In 1086, the Domesday Survey documents that while the majority of Urse's lands were in Worcestershire, he also held land in Warwickshire, Herefordshire, and Gloucestershire. His lands in Warwickshire were held directly from the king, as a tenant-in-chief, while others were held as an under-tenant of others who had their lands directly from the king. Urse's lands in Herefordshire likewise were held as a mixture of tenant-in-chief and sub-tenant, as was also the case in Gloucester. Of the lands that Urse held in Worcestershire, he held them both directly from the king and from the Bishop of Worcester. Domesday also records that the revenue that Urse was responsible for as sheriff was £128 and 4 shillings from Worcestershire. This was just the amount due for the royal estates in Worcester, as Urse was also responsible for payments of £23 and 5 shillings for the royal lands in the Borough of Worcester, £17 as profits on the shire and hundred courts with an additional £16 or a hunting hawk, specifically a "Norway hawk"; also due from the courts. Urse also had to pay the queen £5 plus £1 additional for a "sumpter horse". All of these payments were guaranteed by Urse, who had to make up any shortfall.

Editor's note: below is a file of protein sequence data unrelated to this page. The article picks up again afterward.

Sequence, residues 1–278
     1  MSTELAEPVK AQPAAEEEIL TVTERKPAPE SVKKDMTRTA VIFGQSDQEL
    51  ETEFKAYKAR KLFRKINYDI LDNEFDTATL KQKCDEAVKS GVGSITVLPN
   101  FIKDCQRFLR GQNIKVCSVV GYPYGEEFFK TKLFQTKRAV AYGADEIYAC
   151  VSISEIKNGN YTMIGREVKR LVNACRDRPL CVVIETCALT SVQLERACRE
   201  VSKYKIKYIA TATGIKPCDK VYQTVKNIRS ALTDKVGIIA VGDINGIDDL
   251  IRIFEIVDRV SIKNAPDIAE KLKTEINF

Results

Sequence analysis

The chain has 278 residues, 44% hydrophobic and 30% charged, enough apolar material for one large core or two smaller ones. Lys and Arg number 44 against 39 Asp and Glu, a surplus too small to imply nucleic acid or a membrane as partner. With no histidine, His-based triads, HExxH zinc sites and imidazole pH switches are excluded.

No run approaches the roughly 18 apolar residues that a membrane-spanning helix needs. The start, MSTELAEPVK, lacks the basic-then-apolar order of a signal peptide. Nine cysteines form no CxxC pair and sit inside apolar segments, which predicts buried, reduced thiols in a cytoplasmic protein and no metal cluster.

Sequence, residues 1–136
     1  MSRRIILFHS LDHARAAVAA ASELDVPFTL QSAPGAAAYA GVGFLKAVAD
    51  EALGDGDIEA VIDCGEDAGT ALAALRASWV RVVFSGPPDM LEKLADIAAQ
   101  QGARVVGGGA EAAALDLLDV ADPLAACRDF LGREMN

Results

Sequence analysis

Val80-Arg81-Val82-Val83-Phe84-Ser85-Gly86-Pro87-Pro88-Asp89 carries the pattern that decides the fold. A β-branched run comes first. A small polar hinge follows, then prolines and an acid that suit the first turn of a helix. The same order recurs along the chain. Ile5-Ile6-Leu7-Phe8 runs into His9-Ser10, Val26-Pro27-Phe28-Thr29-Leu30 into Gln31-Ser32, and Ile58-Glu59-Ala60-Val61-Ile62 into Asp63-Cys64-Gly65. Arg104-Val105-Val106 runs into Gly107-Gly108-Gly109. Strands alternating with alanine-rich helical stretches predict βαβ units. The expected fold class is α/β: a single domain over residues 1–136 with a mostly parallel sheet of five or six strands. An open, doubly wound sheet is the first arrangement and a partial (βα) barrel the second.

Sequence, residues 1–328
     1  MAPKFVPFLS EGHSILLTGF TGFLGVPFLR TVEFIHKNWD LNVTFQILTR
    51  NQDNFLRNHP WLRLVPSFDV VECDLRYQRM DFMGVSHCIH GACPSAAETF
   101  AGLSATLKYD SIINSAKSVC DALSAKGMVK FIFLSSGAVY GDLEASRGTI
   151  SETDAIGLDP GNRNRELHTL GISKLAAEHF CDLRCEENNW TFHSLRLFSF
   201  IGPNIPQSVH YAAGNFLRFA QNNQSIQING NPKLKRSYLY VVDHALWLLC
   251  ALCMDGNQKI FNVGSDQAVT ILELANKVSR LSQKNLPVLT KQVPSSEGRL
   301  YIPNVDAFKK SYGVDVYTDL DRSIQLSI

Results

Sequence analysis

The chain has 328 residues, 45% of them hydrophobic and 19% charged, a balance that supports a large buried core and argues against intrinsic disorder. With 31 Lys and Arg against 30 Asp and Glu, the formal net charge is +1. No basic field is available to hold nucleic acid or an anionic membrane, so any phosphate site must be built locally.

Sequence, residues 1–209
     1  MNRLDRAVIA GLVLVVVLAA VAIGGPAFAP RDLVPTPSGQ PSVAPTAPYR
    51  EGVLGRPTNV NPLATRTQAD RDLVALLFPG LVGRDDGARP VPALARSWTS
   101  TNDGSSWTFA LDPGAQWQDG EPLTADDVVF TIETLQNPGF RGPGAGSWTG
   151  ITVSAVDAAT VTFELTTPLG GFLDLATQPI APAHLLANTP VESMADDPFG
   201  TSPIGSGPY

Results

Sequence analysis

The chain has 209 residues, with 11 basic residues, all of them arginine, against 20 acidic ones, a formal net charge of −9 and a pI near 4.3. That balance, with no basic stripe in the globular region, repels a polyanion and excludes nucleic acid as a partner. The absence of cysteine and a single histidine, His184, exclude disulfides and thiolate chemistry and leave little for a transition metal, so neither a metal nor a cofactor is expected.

Domesday makes it obvious that Urse was the most powerful layman in Worcester, and the only person who could contest his power in the county was the Bishop of Worcester. The power struggle continued into the 12th century, as Urse's descendants still contested the bishops. Only one other layman is recorded as having a castle in Worcestershire in Domesday, and he held much less land than Urse.